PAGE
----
High-Speed Imaging of a Water Droplet Impacting a Super Cold Surface

Handle URI:
http://hdl.handle.net/10754/618394
Title:
High-Speed Imaging of a Water Droplet Impacting a Super Cold Surface
Authors:
Khaled, Narimane ( 0000-0001-6526-7062 )
Abstract:
Frost formation is of a major research interest as it can affect many industrial processes. Frost appears as a thin deposit of ice crystals when the temperature of the surface is below the freezing point of the liquid. The objective of this research is to study icing with hope to propose new anti-icing and deicing methods. In the beginning of the research, cracking of the ice layer was observed when a deionized water droplet impacts a ?50 oC cooled sphere surface that is in contact with dry ice. To further investigate the cracks occurrence, multiple experiments were conducted. It was observed that the sphere surface temperature and droplet temperature (ranges from 10-80 oC) have no effect on the crack formation. On the other hand, it was observed that formation of a thin layer of frost on the sphere before the drop impact leads the lateral cracking of the ice. Thus, attempts to reproduce the cracks on clean super cold sphere surfaces were made using scratched and sandblasted spheres as well as superhydrophobized and polymer particle coated spheres. Furthermore, innovative methods were tried to initiate the cracks by placing epoxy glue bumps and ice-islands coatings on the surface of the spheres. All of these attempts to reproduce the crack formation without the presence of frost, failed. Nonetheless, the adding of isolated frost on the sphere surfaces always leads to the crack formation. Generally, frost forms on the small spheres faster than it does on the bigger ones. Additionally, the cold water droplet produces thicker water and ice layer compared to a hot water droplet; and the smaller the sphere the larger its water and ice layer thicknesses.
Advisors:
Thoroddsen, Sigurdur T ( 0000-0001-6997-4311 )
Committee Member:
Lubineau, Gilles ( 0000-0002-7370-6093 ) ; Gomes, Alexandra; Li, Erqiang ( 0000-0002-5003-0756 )
KAUST Department:
Physical Sciences and Engineering (PSE) Division
Program:
Mechanical Engineering
Issue Date:
Aug-2016
Type:
Thesis
Appears in Collections:
Theses

Full metadata record

DC FieldValue Language
dc.contributor.advisorThoroddsen, Sigurdur Ten
dc.contributor.authorKhaled, Narimaneen
dc.date.accessioned2016-08-14T06:58:08Z-
dc.date.available2016-08-14T06:58:08Z-
dc.date.issued2016-08-
dc.identifier.urihttp://hdl.handle.net/10754/618394-
dc.description.abstractFrost formation is of a major research interest as it can affect many industrial processes. Frost appears as a thin deposit of ice crystals when the temperature of the surface is below the freezing point of the liquid. The objective of this research is to study icing with hope to propose new anti-icing and deicing methods. In the beginning of the research, cracking of the ice layer was observed when a deionized water droplet impacts a ?50 oC cooled sphere surface that is in contact with dry ice. To further investigate the cracks occurrence, multiple experiments were conducted. It was observed that the sphere surface temperature and droplet temperature (ranges from 10-80 oC) have no effect on the crack formation. On the other hand, it was observed that formation of a thin layer of frost on the sphere before the drop impact leads the lateral cracking of the ice. Thus, attempts to reproduce the cracks on clean super cold sphere surfaces were made using scratched and sandblasted spheres as well as superhydrophobized and polymer particle coated spheres. Furthermore, innovative methods were tried to initiate the cracks by placing epoxy glue bumps and ice-islands coatings on the surface of the spheres. All of these attempts to reproduce the crack formation without the presence of frost, failed. Nonetheless, the adding of isolated frost on the sphere surfaces always leads to the crack formation. Generally, frost forms on the small spheres faster than it does on the bigger ones. Additionally, the cold water droplet produces thicker water and ice layer compared to a hot water droplet; and the smaller the sphere the larger its water and ice layer thicknesses.en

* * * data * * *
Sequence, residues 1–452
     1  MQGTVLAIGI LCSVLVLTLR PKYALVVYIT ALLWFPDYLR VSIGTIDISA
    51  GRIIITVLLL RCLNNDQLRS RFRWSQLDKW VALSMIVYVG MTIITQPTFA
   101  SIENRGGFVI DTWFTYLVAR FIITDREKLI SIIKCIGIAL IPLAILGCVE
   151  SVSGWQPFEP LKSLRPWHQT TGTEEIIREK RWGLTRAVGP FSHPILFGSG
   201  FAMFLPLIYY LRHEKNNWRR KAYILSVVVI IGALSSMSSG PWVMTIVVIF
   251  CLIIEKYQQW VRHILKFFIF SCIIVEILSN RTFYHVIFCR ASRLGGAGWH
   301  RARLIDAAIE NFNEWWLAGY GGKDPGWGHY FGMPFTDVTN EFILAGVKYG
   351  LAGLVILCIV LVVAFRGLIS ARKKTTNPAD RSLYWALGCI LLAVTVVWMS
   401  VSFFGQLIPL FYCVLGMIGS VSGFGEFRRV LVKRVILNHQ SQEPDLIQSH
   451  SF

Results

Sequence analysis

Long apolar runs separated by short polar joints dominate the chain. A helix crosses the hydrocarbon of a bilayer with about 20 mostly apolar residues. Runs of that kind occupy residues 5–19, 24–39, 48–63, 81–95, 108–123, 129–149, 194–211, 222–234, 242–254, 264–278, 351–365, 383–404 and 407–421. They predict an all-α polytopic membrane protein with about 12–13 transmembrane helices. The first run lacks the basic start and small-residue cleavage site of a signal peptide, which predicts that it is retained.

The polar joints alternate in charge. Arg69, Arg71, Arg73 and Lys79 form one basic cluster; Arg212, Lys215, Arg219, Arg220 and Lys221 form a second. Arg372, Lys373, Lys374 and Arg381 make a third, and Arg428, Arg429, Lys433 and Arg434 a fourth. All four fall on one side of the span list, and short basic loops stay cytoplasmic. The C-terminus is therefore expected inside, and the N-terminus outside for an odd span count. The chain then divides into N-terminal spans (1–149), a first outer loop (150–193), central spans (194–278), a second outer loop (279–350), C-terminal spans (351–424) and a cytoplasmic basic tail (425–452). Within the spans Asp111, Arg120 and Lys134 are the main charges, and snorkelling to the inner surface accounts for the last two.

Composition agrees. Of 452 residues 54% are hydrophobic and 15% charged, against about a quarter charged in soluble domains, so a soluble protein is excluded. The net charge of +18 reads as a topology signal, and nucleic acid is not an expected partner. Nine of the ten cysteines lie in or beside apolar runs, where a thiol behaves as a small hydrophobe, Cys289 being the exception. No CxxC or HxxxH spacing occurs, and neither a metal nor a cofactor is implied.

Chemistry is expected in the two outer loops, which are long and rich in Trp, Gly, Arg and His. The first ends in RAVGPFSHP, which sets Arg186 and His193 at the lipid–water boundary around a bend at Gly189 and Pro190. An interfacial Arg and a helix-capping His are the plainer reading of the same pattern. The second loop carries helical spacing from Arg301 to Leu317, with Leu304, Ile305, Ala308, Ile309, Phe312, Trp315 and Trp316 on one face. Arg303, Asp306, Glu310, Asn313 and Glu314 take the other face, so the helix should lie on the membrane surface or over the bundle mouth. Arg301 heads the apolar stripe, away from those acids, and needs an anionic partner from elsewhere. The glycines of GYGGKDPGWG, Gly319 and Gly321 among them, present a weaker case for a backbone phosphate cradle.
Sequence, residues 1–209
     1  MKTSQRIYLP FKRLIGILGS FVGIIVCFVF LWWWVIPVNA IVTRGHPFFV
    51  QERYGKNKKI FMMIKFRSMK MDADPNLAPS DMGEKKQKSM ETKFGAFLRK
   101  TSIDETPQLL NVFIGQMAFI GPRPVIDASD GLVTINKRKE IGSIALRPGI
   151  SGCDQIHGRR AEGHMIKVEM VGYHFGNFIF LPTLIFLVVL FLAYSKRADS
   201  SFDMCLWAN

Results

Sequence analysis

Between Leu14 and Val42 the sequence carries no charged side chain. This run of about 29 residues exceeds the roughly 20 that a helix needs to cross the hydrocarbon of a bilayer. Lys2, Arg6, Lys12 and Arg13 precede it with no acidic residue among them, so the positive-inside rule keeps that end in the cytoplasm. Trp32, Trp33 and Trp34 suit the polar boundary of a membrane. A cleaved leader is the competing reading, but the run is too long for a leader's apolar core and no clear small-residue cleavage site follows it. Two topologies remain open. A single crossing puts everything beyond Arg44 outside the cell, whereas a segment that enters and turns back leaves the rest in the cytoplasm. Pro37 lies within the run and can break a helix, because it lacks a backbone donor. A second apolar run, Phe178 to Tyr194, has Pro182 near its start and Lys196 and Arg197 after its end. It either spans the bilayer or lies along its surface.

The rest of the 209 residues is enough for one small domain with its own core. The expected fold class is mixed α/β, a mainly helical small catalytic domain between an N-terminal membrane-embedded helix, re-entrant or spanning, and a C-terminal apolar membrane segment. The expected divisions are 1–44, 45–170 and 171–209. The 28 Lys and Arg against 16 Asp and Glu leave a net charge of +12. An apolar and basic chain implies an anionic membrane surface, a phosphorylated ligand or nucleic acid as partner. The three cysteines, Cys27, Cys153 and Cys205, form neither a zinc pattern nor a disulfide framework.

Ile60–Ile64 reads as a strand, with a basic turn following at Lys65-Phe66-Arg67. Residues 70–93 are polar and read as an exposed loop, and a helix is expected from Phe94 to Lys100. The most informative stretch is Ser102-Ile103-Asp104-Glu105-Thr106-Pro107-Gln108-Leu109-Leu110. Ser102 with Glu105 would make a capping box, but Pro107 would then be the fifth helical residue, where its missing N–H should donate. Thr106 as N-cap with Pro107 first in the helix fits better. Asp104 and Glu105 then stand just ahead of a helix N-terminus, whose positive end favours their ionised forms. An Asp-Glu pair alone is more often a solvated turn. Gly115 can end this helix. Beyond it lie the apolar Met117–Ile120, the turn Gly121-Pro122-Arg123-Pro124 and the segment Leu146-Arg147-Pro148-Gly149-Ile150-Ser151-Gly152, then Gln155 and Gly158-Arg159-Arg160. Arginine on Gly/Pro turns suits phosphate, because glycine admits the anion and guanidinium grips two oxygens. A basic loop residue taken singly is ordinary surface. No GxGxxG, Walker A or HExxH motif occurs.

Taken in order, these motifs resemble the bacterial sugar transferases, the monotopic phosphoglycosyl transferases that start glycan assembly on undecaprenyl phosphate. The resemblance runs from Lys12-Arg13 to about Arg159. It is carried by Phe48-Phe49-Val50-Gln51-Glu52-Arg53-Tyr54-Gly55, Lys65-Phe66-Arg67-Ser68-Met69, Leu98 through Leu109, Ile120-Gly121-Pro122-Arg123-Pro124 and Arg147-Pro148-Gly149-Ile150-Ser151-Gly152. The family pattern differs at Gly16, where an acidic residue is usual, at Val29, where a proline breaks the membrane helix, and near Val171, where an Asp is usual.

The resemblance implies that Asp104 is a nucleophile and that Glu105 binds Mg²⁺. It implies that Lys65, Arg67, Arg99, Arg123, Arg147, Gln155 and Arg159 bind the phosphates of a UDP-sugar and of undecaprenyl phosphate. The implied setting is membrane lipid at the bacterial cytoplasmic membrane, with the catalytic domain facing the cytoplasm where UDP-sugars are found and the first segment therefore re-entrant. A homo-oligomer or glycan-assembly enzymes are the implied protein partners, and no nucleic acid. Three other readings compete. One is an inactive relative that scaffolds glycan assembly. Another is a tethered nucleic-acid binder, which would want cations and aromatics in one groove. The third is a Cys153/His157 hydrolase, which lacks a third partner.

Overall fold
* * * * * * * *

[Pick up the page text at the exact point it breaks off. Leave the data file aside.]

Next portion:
dc.language.isoenen
dc.subjectSuper Colden
dc.subjectDrop Impacten
dc.subjectDry Iceen
dc.subjectCrack on Cold Surfaceen
dc.subjectHigh Speed Fluid Imagingen
dc.subjectSpere Coatingsen
dc.titleHigh-Speed Imaging of a Water Droplet Impacting a Super Cold Surfaceen
dc.typeThesisen
dc.contributor.departmentPhysical Sciences and Engineering (PSE) Divisionen
thesis.degree.grantorKing Abdullah University of Science and Technologyen_GB
dc.contributor.committeememberLubineau, Gillesen
dc.contributor.committeememberGomes, Alexandraen
dc.contributor.committeememberLi, Erqiangen
thesis.degree.disciplineMechanical Engineeringen
thesis.degree.nameMaster of Scienceen
dc.person.id132572en
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